We recently teamed up with Skift to publish our 10 Business Travel Trends For 2019 Report, which outlines the industry shifts and trends you need to know this year. Over the coming weeks we’ll be highlighting key themes from the report, and offering advice for how both business travelers and corporate travel policy makers can stay ahead of the curve. We kick things off with a look at how boundaries that once solidly distinguished personal and business travel are now blurring for many of today’s travelers — and how corporate travel managers are rushing to catch up.
In our modern, mobile-centric world, we take pictures of our dogs with the same phones we use to call into remote meetings from our kitchen tables, and our personal Instagram feeds sit side-by-side with professional Slack channels. We’re increasingly moving towards the center of a work/life Venn diagram, so it makes sense that this intersection would affect how we travel for work as well.
One way this trend presents itself is through the combining of business and leisure travel — or “bleisure” travel as it’s sometimes (terribly, in our opinion) referred to — within a single trip, and there’s no denying this trend should be considered as we move into 2019. It’s first important to note that today’s workforce wants to travel — a 2018 Hilton Hotels & Resorts survey found that for U.S. business travelers between the ages of 23-35, 39% flat out would not join a company that did not offer travel as part of the job. And our 2018 TripActions Report found that 90% of respondents see traveling as a job perk.
The desire to integrate leisure and business travel shows up in a June 2018 report from the GBTA Foundation and Hilton, which found that a staggering 89% of business travelers were at least moderately likely to extend a work trip for leisure during the past year. And according to our own survey results, the top reason for wanting to travel for work is the opportunity to check out a new city.
“The bleisure segment was an inevitable evolution in the travel industry that will only continue to get larger and larger. With the increasing globalization of business and technology...there is no longer a reason for the business traveler to have to sacrifice leisure in order to be successful in their profession.” - Marvin Lee, Account Manager for Marketing and Alliances, Asiana Airlines
Zooming in even more on the blurring lines between consumer and employee experiences, we see a pressing need for business travel managers to better incorporate the sharing economy into their programs. While many (if not most) of today’s travelers turn to services like Airbnb and Lyft when traveling in their personal lives, historically, corporate travel policies haven’t been so quick to integrate these services. Policies often lacked the expense account functions set up to easily approve transactions, and it was rare for sharing economy inventory to surface in employee travel booking searches.
But now, that’s changing.
While it’s true that executive-level corporate travel decision makers and sharing economy companies are continuing to professionalize their services, further integrating them into existing corporate travel platforms, the principal driver of this shift is the changing habits of business travelers themselves.
A 2018 Skift study of the ridesharing habits of U.S. business travelers, completed in partnership with Lyft, found that 79% of respondents put ridesharing as their first choice for ground transportion — ahead of taxis, rental cars, and car services. That preference is why more than 90% of Skift respondents said their organization now permits ridesharing services for business trips.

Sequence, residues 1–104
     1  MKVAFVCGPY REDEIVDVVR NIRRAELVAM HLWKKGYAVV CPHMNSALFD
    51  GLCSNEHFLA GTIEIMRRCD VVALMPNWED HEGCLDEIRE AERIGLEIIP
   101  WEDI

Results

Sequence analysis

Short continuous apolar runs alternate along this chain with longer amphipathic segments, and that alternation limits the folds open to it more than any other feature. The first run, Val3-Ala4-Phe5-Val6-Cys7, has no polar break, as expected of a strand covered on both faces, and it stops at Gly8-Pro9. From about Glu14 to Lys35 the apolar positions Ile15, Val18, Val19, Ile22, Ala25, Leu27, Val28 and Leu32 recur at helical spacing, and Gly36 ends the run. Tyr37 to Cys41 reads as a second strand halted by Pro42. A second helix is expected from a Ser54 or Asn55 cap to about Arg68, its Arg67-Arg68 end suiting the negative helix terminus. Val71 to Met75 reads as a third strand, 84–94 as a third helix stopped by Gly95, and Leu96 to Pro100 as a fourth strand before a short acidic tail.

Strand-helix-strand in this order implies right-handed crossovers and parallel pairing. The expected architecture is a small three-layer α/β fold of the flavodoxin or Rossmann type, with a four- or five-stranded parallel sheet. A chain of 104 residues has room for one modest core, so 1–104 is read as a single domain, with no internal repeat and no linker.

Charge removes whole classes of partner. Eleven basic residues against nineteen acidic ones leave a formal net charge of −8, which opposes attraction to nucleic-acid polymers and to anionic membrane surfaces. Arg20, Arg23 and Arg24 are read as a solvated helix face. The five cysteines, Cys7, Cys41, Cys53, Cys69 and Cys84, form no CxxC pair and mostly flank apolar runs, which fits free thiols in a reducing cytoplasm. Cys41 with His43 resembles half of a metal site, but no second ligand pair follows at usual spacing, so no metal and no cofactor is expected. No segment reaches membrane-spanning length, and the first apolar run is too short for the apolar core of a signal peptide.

In 2019, this organic groundswell of sharing economy app adoption among business travelers is likely to be matched by growing efforts to further formalize and integrate such services into corporate travel policies and tools. With automatic expensing services for business users from Lyft and Uber, that path to integration into corporate policy is already established.
While perhaps slower to advance within the corporate travel industry, home-sharing is also gaining traction as a result of growing consumer trends, especially among Millennial and Gen Z employees. More than one-third of respondents in this demographic surveyed for our TripActions 2018 State of Business Travel Report said they book Airbnb-type accommodations — along with boutique hotels — as a way of “fulfilling their desire for unique travel experiences.” And for its part, Airbnb is responding by expanding and formalizing its own corporate travel service offering with the launch of Airbnb for Work.
Looking ahead in 2019, it appears business travelers will likely continue these trends of mixing business with leisure travel and using sharing economy services during business trips, whether they have formal company approval or not. The challenge then is for travel brands and corporate travel managers to keep up with that employee demand as companies not allowing for “bleisure” flexibility or sharing economy service options within their travel policies will only end up frustrating employees, and hindering their own business growth and bottom line as those employees go “rogue”.
There’s no doubt that the rise of “bleisure” travel and ride and home-sharing services comes with some unanswered questions. How does a company approach additional costs? How does it enable its travel solution to make necessary distinctions? What’s the best way to manage duty of care? But while policy makers and travel managers are grappling with these challenges, the fact that they are evaluating these needs and asking these questions in the first place is a step in the right direction.
For an even closer look at how these and other big trends are affecting the corporate travel space, be sure to read our complete 10 Business Travel Trends For 2019 report.